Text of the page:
Screening will fail to stop Ebola entering UK

PASSENGERS infected with Ebola could still enter the UK through airports despite screening, according to a study.

PASSENGERS infected with Ebola could still enter the UK through airports despite screening, according to a study.

A specialist team from the University of Liverpool’s Institute of Infection and Global Health used a mathematical model to assess the likelihood of someone with the virus slipping through the safety net.

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They found that although screening for Ebola at airports could be an effective method for preventing the spread of the disease into the UK and US, the long incubation period of the virus means it would not be able to detect all cases.

The research showed that approximately 29 Ebola-infected people are expected to try to leave West Africa by the end of the year but only ten would be likely to display signs of the infection that could be picked up by airport screening.

Of the remaining 19 passengers, only one or two would be expected to fly to the UK and up to three to the US.

It is thought that one of these passengers would have developed virus symptoms by the time they arrive in the UK or USA.


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Epidemiologist Dr Jonathan Read said: “We developed a mathematical model to consider how long people incubate the virus alongside how likely airline passengers are to be infected.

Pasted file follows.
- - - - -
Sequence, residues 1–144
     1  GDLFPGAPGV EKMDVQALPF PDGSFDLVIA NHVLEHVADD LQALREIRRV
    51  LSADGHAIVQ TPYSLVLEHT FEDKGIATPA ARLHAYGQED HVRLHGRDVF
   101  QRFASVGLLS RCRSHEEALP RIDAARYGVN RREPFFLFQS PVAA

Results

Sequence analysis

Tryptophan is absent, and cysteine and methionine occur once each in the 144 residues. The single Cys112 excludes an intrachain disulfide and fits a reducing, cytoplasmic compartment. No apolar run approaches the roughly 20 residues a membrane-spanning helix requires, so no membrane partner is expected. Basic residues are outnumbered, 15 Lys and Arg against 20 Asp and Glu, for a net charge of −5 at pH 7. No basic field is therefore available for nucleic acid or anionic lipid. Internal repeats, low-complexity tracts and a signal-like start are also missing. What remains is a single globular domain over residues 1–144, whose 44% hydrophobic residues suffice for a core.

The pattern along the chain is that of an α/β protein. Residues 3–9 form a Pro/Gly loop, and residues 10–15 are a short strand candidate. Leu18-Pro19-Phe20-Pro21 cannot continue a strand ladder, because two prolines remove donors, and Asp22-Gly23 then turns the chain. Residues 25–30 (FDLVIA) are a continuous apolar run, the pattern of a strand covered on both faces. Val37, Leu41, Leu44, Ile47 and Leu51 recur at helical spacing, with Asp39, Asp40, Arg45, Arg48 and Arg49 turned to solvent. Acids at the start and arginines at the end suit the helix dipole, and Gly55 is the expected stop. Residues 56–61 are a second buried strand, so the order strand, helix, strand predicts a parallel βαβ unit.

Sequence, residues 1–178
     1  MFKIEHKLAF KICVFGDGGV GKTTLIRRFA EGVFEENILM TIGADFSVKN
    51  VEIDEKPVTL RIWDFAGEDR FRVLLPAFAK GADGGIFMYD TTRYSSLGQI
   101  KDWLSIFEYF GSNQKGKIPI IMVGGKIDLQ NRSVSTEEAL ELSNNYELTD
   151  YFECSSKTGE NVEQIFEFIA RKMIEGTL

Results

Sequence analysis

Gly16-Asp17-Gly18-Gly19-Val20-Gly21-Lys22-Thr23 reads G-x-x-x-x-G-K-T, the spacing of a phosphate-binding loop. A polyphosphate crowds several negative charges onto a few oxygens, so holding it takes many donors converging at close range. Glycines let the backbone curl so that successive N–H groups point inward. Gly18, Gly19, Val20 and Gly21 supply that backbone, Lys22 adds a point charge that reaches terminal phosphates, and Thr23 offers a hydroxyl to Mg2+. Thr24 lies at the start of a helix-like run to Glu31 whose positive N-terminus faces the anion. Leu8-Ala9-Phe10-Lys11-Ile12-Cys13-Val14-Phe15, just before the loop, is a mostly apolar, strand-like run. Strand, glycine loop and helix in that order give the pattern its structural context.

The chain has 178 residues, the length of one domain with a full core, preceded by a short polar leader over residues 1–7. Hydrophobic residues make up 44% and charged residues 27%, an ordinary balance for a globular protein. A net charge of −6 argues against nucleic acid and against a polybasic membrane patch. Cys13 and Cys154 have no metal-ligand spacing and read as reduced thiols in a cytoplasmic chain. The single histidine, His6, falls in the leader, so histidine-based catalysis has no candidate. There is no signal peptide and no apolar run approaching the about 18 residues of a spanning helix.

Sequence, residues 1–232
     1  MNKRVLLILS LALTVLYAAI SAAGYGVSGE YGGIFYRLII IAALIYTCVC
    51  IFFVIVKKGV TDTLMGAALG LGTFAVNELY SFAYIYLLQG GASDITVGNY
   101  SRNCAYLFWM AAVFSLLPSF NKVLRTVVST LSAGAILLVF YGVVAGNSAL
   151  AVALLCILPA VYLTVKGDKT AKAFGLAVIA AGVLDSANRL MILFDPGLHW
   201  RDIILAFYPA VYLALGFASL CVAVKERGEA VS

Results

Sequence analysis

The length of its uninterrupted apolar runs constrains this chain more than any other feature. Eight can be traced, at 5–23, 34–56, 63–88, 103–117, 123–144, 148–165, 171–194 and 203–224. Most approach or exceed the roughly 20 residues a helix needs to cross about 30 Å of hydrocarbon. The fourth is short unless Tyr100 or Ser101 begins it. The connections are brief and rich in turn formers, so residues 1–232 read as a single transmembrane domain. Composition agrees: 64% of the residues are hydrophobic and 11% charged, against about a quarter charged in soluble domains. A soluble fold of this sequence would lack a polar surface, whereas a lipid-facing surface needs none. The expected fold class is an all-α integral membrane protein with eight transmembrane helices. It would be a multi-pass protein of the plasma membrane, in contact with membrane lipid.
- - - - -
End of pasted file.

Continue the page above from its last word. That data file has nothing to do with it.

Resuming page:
“From this, we were able to estimate that ten of the 29 people likely to leave West Africa via airports this year would have symptoms of the disease and so could be detected at exit-screening.”

The model showed that one or two passengers may not be detected at screening.

But despite the prospect of an Ebola-infected passenger coming in through a UK airport, the team said a single case here would not lead to the situation in West Africa, due to better control measures.

The research, published in the Lancet medical journal, highlighted that the most effective way to restrict the virus’s global spread is to control it at source in West Africa.

Professor Tom Solomon, head of the Institute of Infection and Global Health, said: “This research shows that entry screening can reduce the overall chances of Ebola being brought into the UK, but that some infected passengers may still get through undetected.

“Even if we do see a case of Ebola that has not been detected at airport screening, we have a good chance of stopping the spread of the infection.”

Last month, Edinburgh and Glasgow airports carried out training exercises to test emergency procedures for dealing with passengers with Ebola.

The move came as Heathrow report began screening passengers from West Africa, which was also rolled-out to Eurostar and Gatwick, Manchester and Birmingham airports.

Meanwhile, the United Nations mission in Mali has cancelled plans to renew a contract with a private clinic providing care to its peacekeepers after a case of Ebola spread from there.

This second Ebola alarm in Mali, coming just as it seemed to have contained its first case last month, raised doubts about the country’s ability to protect itself from the epidemic ravaging three other states in West Africa.

More than 5,000 people have died to date, almost all in Liberia, Sierra Leone and in Guinea, which shares an 500-mile border with Mali.


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